100 Leadership Strengths

Which of these have you mastered, and which would you like to improve on?

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100 leadership strengths

What are your leadership strengths?

That’s a question I ask in a survey that participants complete before attending my “Poised for Leadership” workshop.  As I prepare for a session, one of my favorite activities is to read each groups’ responses and compile the highlights, a leadership qualities list on a slide titled, “A leader is someone who…”

The answers, of course, vary tremendously. The world is full of leadership books and gurus, and they all have their own definition of what it takes to lead.

Instead of overwhelming my workshop participants with one more definition, I prefer to share their thoughts on the subject. While most attendees aren’t yet in management or technical leadership roles (though they aspire to be), I’ve found that their collective response paints a remarkably inspiring and detailed picture of leadership at its best.

On workshop day, I read them the list, letting them know, “This is what being a leader means to you.”

Here’s the 100 leadership qualities list, compiled from 20 recent workshops. Which of these have you mastered, and which would you like to improve on?

100 Leadership Qualities List

A leader is someone who…

  1. Sees the big picture
  2. Thinks strategically
  3. Focuses on the future
  4. Sets the vision
  5. Displays a strong business acumen
  6. Sets the direction
  7. Strives for continuous improvement
  8. Sees a cross-functional, cross-organizational view
  9. Thinks critically
  10. Focuses on the customer
  11. Possesses strong interpersonal skills
  12. Communicates with transparency
  13. Sends clear messages
  14. Speaks in an impactful way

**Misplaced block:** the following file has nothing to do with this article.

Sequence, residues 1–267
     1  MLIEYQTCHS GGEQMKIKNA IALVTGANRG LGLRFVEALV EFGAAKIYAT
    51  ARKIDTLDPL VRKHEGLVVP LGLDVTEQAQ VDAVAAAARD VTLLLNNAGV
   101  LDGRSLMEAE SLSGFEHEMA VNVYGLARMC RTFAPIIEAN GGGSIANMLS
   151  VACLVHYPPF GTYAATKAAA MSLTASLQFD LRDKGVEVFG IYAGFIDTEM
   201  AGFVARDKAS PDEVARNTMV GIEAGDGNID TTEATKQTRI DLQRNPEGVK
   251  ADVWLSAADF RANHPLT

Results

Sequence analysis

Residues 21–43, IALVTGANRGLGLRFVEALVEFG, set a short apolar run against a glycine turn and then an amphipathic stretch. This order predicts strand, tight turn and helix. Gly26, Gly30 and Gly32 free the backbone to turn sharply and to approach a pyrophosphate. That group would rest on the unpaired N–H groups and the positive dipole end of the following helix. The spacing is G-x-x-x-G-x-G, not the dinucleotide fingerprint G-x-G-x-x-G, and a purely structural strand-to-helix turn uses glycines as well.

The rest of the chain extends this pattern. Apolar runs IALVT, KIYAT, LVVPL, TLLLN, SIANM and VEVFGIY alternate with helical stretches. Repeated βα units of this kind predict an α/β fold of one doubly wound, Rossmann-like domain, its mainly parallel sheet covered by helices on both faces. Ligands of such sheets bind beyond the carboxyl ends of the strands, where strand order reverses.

15. Delivers effective speaking presentations
  16. Gives open, honest, and direct feedback
  17. Listens to understand
  18. Asks the right questions at the right time
  19. Breaks down complex information into simple terms
  20. Interacts comfortably with people at all levels
  21. Stays positive and constructive during difficult conversations
  22. Finds middle ground and a path forward
  23. Manages crises and conflict with ease
  24. Goes above and beyond
  25. Focuses on results
  26. Likes to succeed
  27. Drives results
  28. Gets things done
  29. Stays goal-oriented and solution-focused
  30. Acts decisively
  31. Makes decisions in times of ambiguity
  32. Completes difficult tasks despite obstacles
  33. Exudes energy and determination
  34. Pushes for what she or he believes in
  35. Embodies a positive attitude
  36. Has tenacity and curiosity
  37. Strives to accomplish what they commit to doing
  38. Takes ownership
  39. Takes charge and assumes responsibility
  40. Sets high standards
  41. Has excellent organizational and execution skills
  42. Embraces change and course-corrects when needed
  43. Takes risks
  44. Is fearless
  45. Exudes passion, honesty, and dependability
  46. Wins trust
  47. Collaborates
  48. Operates with integrity and fairness
  49. Has a thirst for learning
  50. Shares know-how
  51. Shows empathy
  52. Is supportive and caring
  53. Stays calm in difficult situations
  54. Possesses leadership presence
  55. Leads by example
  56. Serves as a role model
  57. Earns the respect of people at all levels of the organization
  58. Stands up for what they believe in